Just finished reading the novel I purchased when I met Samit at the Morley Literature Festival for the Sci-fi andSuperheroes event. I was expecting a 'Heroes' meets 'DC/Marvel comics' vibe and I wasn't far wrong. Aman Sen is aboard a plane when he discovers he has developed internet superpowers and he is not the only one. When he comes up against Jai a one-man army superpowered villan who wants to rule the world, he bands together with fellow Indian supers including Tia (who can duplicate herself), Uzma (an aspiring Bollywood actress who's power is that everyone who meets her loves her) and Vir who can fly. Aman wants to save the world and Jai wants to destroy it but during the battles of power between the supers who are on each side, some must lose their lives and no ordinary human is safe from an unknown super who can control them with devastating consequences.

With a good dose of comic history, Bollywood, cricket and 21st century India, this novel gives an interesting post-modern slant to the question 'What would you do if you were given the power to do anything you wanted?'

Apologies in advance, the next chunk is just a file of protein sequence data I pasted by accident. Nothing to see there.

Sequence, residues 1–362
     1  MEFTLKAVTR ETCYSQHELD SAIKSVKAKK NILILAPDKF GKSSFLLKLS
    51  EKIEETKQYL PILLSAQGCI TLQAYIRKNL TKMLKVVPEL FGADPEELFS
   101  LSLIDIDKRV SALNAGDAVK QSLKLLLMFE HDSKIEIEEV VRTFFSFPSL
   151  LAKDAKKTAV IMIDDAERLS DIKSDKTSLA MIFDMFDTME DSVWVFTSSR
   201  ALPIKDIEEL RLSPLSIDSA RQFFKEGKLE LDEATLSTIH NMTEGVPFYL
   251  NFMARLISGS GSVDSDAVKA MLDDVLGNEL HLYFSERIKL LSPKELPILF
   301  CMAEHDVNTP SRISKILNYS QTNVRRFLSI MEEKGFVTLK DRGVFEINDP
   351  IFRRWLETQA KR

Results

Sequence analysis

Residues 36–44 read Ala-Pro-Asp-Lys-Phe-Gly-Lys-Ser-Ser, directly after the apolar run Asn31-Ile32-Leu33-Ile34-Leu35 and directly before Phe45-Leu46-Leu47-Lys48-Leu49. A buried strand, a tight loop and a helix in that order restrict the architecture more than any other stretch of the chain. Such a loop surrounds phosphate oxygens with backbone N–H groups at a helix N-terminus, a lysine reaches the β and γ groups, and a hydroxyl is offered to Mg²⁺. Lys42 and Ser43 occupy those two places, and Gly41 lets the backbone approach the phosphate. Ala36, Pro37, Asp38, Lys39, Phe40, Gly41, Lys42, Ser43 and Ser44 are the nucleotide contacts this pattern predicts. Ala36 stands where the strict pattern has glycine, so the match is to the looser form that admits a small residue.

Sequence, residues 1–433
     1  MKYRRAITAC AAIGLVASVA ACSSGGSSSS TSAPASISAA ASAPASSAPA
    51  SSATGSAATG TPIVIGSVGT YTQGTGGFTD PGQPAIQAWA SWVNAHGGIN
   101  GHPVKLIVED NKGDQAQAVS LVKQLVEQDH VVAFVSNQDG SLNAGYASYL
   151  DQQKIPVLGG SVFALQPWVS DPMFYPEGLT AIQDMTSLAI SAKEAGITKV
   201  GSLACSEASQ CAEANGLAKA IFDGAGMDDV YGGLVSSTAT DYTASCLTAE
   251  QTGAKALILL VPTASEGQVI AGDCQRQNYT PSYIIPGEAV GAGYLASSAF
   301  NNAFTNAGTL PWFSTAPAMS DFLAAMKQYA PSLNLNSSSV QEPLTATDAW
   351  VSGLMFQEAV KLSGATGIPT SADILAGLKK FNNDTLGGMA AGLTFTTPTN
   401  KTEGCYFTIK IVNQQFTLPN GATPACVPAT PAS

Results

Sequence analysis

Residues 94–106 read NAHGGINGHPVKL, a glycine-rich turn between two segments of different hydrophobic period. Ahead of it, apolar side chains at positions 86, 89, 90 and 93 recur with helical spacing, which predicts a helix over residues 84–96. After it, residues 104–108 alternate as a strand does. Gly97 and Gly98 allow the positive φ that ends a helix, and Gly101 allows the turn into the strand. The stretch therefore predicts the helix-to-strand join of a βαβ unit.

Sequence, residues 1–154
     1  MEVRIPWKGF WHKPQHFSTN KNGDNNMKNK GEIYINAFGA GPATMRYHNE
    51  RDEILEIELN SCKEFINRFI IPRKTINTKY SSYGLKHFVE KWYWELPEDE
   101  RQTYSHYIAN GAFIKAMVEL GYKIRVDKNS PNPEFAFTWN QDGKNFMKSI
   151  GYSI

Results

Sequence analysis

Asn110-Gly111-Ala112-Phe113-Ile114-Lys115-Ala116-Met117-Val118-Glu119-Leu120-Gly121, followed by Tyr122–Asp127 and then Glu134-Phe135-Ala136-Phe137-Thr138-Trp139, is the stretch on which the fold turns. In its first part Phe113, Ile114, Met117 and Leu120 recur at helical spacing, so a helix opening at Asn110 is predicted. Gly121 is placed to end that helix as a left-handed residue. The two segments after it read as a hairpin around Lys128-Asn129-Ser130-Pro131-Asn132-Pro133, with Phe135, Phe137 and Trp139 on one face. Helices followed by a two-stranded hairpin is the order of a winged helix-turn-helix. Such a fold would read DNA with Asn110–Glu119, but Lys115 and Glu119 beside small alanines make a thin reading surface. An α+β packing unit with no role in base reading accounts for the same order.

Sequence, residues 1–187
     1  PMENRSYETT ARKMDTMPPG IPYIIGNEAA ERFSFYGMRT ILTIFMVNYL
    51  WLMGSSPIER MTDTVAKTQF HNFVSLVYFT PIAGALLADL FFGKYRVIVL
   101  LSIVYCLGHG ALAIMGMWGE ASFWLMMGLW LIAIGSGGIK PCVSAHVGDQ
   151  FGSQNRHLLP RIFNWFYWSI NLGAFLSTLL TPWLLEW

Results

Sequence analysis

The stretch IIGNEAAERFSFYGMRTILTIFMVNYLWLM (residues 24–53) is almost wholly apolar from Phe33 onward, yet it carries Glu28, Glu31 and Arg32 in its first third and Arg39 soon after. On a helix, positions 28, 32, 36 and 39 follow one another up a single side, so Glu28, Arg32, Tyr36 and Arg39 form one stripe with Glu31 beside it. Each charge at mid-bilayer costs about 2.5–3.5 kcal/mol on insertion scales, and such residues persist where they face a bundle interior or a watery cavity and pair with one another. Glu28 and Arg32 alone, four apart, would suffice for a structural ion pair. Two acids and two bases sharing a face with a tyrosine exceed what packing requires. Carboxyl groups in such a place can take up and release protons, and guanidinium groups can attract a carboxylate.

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on 8 September 2012
Turbulence is a story about a handful of individuals from different walks of life unknowingly ending up with superpowers after a flight from London to Delhi. It is a story about these very individuals discovering their new identities and coming to terms with their powers and deciding on how to eventually use them. It is a classic tale of Good Vs Evil with emotions and self discovery thrown in as extra measure to give the characters a more human feel which in turn adds to the charm of the book.

It is quite evident that the author Samit Basu is up-to-date with his knowledge about superheroes and the pop culture references are in abundance throughout the book. He is not short on humor either with a number of instances where I did literally laugh-out-loud. Unfortunately, the biggest flaw lies with the powers that are allotted to the characters. Throughout the book I could not help but relate certain aspects to comic books, or TV series like Heroes, or films like X-Men, Avengers, Superman, etc. For example, there is a "suit" that is somewhat on the lines of Iron Man. Moreover, it even folds-up into a briefcase which to me shouted Iron Man 2, the film. There is a character who can bulk himself up and become a tiger faced beast which seemed pretty much like the Hulk without the obvious turmoil that the Hulk/Dr. Banner go through. Even the main villain, Jai, has shades of Magneto, not in terms of power, but in terms of their thought process. So while I tried to enjoy the book, I could not but help draw up these similarities, and there were quite a few, and I am not even a comic book fan.